[R-sig-ME] quick question regarding your "residual" command for your lmer command - please help me
Douglas Bates
bates at stat.wisc.edu
Wed Aug 29 16:45:24 CEST 2012
Again, I will defer to the R-Sig-Mixed-Models mailing list.
On Wed, Aug 29, 2012 at 6:52 AM, Yugo Nakamura <yugonakamura25 at gmail.com> wrote:
> To Professor Bates,
>
> Thank you for your reply and for adding me on to the list. I will check
> your commands again.
>
> To shorten my question, I essentially get confused when researches study the
> level 1 residuals pooled across the groups and not within groups separately.
>
> I just do not see why and what this analysis entail or suggest for the
> multilevel analysis and assumptions that do not take the grouping into
> consideration.
>
> Your thoughts and expertise will be deeply appreciated.
>
> Above
>
>
> On Tue, Aug 28, 2012 at 11:25 PM, Douglas Bates <bates at stat.wisc.edu> wrote:
>>
>> I have taken the liberty of cc:'ing the
>> R-SIG-Mixed-Models at R-project.org mailing list on this reply. Many of
>> those who read that list will be able to help you, often more quickly
>> than I am able to do.
>>
>> Your question is a bit confusing in that you say you are using lmer
>> and then quote the documentation for residuals.lme. The nlme package,
>> containing lme and supporting methods, and the lme4 package,
>> containing lmer, are different. You should not expect the
>> documentation for one to apply to the other.
>>
>> On Tue, Aug 28, 2012 at 8:20 AM, Yugo Nakamura <yugonakamura25 at gmail.com>
>> wrote:
>> > To Professor Bates,
>> >
>> > I am terribly sorry for this impromptu email. I have been using your
>> > lmer
>> > command for my dissertation (at the University of Washington) but I am
>> > having some difficulty to fully understand the outputs. Your expertise
>> > will
>> > be deeply appreciated. I would like to thank you in advance for your
>> > time.
>> >
>> > My question pertains to the Residual command of the lmer and the
>> > variance
>> > estimates of the level 1 residuals in the lmer output. I am not
>> > certain as
>> > to how these figures are calculated and what these estimates really
>> > imply.
>> >
>> > The definition of the residual are as follow.
>> >
>> > residuals.lme {nlme}
>> > The residuals at level i are obtained by subtracting the fitted levels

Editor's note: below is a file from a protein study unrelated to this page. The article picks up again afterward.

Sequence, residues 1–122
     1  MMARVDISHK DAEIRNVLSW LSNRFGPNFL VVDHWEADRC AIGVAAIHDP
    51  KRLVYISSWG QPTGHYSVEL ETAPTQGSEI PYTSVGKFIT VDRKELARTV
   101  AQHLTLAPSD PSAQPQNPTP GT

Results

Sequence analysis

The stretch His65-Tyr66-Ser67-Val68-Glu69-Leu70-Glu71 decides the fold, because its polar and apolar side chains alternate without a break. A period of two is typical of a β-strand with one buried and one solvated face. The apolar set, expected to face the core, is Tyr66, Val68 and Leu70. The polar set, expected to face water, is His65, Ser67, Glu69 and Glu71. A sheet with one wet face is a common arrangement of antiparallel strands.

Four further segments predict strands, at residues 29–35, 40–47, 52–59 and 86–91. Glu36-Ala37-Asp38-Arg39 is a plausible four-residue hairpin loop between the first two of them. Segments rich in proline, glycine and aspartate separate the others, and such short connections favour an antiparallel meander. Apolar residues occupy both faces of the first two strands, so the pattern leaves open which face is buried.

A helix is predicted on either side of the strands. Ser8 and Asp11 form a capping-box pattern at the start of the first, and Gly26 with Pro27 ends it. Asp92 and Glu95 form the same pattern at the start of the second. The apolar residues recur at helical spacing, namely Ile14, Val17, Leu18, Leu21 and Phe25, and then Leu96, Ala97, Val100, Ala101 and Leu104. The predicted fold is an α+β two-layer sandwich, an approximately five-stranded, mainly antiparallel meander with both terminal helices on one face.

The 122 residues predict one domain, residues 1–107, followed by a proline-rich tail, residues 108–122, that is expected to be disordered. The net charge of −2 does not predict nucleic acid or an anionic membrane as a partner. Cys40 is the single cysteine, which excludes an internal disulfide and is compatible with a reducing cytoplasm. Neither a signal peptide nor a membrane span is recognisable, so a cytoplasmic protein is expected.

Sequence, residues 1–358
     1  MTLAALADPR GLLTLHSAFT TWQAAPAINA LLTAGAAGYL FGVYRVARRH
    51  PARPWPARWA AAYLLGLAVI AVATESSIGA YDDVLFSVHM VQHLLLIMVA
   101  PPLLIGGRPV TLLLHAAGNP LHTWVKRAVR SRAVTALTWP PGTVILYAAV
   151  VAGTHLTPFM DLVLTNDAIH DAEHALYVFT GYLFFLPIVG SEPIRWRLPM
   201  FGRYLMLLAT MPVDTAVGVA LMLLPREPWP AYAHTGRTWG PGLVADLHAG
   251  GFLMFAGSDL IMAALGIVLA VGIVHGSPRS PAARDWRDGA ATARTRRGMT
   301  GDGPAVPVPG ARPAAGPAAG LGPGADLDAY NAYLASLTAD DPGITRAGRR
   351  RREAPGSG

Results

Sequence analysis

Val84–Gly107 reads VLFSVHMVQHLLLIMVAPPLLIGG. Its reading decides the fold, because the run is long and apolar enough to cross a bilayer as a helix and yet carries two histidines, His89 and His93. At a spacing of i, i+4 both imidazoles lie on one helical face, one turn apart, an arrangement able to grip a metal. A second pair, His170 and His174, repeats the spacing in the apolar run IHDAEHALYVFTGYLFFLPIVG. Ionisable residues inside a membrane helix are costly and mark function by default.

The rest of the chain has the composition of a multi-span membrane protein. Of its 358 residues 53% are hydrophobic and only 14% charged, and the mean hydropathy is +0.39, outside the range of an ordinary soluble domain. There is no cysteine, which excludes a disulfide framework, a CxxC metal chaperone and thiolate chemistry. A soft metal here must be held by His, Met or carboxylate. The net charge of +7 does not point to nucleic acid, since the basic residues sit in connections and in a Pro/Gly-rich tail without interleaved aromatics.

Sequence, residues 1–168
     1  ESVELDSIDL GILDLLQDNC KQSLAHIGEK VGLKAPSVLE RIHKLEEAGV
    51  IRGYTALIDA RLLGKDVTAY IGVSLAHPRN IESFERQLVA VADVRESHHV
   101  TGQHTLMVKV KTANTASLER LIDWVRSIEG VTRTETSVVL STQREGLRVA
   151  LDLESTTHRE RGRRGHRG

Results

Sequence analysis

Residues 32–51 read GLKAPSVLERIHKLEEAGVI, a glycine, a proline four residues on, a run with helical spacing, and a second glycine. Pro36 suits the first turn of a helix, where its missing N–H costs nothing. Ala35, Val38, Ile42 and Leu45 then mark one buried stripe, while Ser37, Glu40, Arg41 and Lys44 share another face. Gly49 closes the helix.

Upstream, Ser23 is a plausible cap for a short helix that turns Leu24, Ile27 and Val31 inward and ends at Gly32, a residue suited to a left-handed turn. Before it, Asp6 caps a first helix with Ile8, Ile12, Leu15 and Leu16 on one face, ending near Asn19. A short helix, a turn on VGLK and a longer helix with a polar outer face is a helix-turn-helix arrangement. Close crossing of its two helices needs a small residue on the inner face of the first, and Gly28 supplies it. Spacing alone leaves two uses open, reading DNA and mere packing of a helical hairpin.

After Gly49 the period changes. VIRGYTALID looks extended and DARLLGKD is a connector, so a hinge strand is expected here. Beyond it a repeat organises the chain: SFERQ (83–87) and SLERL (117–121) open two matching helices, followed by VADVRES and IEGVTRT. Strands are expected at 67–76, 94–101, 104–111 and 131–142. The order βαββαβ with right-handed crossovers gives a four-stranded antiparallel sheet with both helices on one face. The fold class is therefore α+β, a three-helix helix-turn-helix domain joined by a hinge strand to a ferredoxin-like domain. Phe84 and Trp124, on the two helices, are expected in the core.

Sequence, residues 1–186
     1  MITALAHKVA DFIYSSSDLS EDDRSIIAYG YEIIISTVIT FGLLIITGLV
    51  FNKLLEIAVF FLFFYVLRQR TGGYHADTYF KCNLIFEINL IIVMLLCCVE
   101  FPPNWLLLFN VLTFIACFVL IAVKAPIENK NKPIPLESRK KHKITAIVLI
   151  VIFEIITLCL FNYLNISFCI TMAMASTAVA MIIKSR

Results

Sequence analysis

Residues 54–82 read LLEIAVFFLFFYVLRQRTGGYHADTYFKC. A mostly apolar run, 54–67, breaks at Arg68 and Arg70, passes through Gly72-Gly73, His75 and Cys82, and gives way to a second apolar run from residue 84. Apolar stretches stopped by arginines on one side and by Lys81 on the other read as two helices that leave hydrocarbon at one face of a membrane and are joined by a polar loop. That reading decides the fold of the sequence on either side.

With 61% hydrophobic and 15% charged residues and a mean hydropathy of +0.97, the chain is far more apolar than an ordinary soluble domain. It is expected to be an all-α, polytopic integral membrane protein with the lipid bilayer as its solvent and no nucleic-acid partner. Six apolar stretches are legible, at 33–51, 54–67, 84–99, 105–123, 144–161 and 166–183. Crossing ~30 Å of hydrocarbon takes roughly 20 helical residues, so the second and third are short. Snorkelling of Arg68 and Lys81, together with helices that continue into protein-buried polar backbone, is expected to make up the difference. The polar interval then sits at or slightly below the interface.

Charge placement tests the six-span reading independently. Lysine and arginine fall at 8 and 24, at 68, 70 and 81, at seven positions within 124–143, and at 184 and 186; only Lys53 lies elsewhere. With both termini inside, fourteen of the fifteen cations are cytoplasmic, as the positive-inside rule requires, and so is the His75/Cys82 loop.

>> > at
>> > that level from the response vector (and dividing by the estimated
>> > within-group standard error, if type="pearson"). The fitted values at
>> > level
>> > i are obtained by adding together the population fitted values (based
>> > only
>> > on the fixed effects estimates) and the estimated contributions of the
>> > random effects to the fitted values at grouping levels less or equal to
>> > i
>> >
>> > http://stat.ethz.ch/R-manual/R-patched/library/nlme/html/residuals.lme.html
>> >
>> > Is this definition saying that, the residuals are defined by subtracting
>> > the
>> > fitted values from the fixed effects and the empirical Bayes estimate of
>> > the
>> > level 2 residuals?
>> >
>> > I calculated the variance of these residuals and it gave me the same
>> > estimate of the variance estimate of the "Residuals" (level 1) in the
>> > lmer
>> > output.
>> >
>> > But my question then is, is this variance estimate the "within group
>> > variance" explained in different textbooks of multilevel analysis? But
>> > if
>> > so I find it slightly too big.. I have learned that within group
>> > variance
>> > are normally distributed with mean zero and constant variance for each
>> > and
>> > every group. That is, the variance is calculated within/for each and
>> > every
>> > group and this variance is constant across all groups (quite strong
>> > assumption).
>> >
>> > But the variance estimate and the residual command above seems to give
>> > us
>> > the pooled residuals regardless of the groups. That is, the variance is
>> > the
>> > estimate of the variance across all the residuals regardless/ignoring of
>> > the
>> > group. Is this so? If this is the case, isn't this variance the sum
>> > of
>> > all the within group variances (simply because the sum of normal
>> > distribution is also a normal distribution with the mean and variance
>> > also
>> > summed)? Thus, to get a within group variance (for each group) I should
>> > divide your Residual variance estimate by the number of groups?
>> >
>> > I hope I was able to make sense. It will be great if you could share me
>> > your expertise. If there is a link that describes all the details of
>> > your
>> > command, that will be very helpful as well.
>> >
>> > Thank you so much in advance for your time and cooperation!
>> >
>> > yours,
>> >
>> > Yugo Nakamura
>> >
>> >
>> >
>> >
>
>
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